Syndicated mortgages are notorious for their regulatory gaps. Is this another that needs addressing?
“With high rates of return and potential fees, the concept of a syndicated mortgage can be very compelling to unsophisticated investors. However, the investors in a syndicated mortgage might not have the financial experience to fully vet an opportunity as thoroughly as they should.
Relying on a broker to assess the risk is fraught with problems in that a clear conflict exists between the broker and the investor. Because the broker only receives his or her fees should the deal actually proceed, the broker might lead the investor to believe the mortgage is more secure than is actually the case.
“While potentially capable, mortgage brokers should not be selling syndicated mortgages. One of the tenets of a mortgage broker is that he or she has expert knowledge of the products being sold. Syndicated mortgages are very complex and require deep knowledge of the investment industry, which most brokers don’t have.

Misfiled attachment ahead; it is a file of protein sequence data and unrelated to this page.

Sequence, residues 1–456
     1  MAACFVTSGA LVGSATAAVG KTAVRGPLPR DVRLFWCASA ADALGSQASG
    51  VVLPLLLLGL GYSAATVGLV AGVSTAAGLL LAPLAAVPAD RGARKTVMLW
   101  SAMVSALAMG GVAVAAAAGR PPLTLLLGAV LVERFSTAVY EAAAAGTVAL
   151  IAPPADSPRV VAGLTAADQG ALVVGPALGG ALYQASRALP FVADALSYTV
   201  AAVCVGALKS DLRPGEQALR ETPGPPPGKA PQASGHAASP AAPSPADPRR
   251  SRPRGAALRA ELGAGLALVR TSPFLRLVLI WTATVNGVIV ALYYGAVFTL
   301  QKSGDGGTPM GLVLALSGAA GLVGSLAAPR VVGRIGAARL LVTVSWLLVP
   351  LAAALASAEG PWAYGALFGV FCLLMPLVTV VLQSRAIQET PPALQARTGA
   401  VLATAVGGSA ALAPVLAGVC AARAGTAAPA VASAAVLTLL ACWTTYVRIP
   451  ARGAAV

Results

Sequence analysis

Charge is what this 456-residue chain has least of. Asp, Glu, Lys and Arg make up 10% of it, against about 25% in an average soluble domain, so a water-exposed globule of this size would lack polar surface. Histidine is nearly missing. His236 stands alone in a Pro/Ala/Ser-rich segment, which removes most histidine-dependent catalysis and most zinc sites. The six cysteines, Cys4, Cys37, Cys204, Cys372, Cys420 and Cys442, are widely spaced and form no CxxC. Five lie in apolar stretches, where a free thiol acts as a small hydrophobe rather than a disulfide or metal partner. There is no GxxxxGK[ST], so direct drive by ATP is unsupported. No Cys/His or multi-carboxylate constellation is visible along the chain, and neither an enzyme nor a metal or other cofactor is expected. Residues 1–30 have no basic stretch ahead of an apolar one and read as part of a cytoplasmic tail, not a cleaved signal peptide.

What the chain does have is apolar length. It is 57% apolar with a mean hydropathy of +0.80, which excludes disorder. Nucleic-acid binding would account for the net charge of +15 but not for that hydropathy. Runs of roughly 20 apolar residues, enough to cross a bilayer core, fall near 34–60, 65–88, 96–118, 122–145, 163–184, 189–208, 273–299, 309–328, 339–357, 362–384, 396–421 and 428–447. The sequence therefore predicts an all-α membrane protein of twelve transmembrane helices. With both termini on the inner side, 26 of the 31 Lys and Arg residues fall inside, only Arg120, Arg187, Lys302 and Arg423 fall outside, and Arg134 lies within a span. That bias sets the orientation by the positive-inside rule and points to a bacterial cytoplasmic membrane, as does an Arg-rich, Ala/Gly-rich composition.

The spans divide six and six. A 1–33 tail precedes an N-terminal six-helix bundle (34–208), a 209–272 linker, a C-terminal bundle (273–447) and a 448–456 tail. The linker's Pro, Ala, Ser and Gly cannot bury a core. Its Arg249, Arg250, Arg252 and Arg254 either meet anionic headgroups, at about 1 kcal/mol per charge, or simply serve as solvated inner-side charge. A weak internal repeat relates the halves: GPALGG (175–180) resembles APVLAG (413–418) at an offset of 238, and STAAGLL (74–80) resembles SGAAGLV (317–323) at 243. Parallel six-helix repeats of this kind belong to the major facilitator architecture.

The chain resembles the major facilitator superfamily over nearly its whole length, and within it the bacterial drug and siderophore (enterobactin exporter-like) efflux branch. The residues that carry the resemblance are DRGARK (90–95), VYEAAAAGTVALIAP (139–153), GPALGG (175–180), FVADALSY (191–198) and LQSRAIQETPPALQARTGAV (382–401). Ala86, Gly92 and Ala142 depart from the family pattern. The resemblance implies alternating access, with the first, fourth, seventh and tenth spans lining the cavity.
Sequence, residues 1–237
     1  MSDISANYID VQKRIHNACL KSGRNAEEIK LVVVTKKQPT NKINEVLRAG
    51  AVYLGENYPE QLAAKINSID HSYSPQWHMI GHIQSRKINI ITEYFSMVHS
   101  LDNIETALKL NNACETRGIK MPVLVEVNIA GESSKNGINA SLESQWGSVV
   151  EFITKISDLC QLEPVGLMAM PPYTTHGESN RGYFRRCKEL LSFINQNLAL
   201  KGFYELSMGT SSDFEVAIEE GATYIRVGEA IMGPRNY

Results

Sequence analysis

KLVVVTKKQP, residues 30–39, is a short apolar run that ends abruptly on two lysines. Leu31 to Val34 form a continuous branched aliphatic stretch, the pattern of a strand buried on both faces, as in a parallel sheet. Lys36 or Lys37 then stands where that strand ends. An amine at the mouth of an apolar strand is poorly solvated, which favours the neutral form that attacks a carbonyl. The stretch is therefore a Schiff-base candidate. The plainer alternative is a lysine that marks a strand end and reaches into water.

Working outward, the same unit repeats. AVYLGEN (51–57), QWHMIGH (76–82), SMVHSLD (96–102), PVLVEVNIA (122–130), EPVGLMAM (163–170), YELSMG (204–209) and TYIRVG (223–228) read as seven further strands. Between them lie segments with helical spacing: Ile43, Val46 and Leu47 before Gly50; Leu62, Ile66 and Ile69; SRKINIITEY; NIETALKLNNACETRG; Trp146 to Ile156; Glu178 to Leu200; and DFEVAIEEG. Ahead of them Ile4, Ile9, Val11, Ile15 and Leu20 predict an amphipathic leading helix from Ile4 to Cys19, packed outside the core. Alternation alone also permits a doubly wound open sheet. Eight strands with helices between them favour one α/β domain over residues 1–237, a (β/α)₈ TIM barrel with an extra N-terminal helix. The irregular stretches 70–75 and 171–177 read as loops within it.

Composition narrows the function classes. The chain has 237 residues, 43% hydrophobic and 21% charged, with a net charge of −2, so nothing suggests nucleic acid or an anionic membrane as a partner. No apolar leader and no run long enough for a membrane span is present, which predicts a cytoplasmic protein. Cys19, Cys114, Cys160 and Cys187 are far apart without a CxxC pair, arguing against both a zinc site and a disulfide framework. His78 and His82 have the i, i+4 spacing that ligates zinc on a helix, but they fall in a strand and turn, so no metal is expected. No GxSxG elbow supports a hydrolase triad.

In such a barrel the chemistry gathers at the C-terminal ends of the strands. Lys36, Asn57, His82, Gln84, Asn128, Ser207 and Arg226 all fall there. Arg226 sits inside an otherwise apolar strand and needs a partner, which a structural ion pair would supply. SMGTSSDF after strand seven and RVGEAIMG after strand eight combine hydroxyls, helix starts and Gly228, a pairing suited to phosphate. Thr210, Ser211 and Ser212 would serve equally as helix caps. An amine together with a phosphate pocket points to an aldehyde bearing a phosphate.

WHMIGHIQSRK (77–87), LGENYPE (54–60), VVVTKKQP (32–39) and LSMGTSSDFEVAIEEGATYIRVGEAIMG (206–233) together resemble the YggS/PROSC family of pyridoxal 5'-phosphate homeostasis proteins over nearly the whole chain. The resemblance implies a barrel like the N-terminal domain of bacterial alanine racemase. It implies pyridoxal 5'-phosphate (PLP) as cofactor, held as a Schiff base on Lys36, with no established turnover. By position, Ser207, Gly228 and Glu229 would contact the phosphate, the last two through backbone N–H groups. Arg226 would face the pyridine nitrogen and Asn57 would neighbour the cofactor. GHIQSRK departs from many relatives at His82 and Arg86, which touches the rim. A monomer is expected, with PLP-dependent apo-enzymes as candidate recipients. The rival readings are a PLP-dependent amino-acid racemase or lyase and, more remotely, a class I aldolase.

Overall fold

Protecting the client’s best interests is foremost for a good mortgage broker. To do this properly while selling syndicated mortgages would require sophisticated knowledge of the investment industry. Ultimately, a broker selling syndicated mortgages is not appropriate in most cases.”
“I would not be capable of selling syndicated mortgages. First, I only have seven years of post-secondary education – including a bachelor of commerce and an MBA in finance, as well as investment courses, including the Canadian Securities Course – and don’t believe I have sufficient education to properly assess the risks associated with such products.
Second, even if I had the knowledge and experience required to properly evaluate the very complex nature of hybrid debt/equity investments with multiple tranches, I don’t ethically believe in selling what are essentially junk bonds, which is what qualified portfolio managers believe these instruments to be.”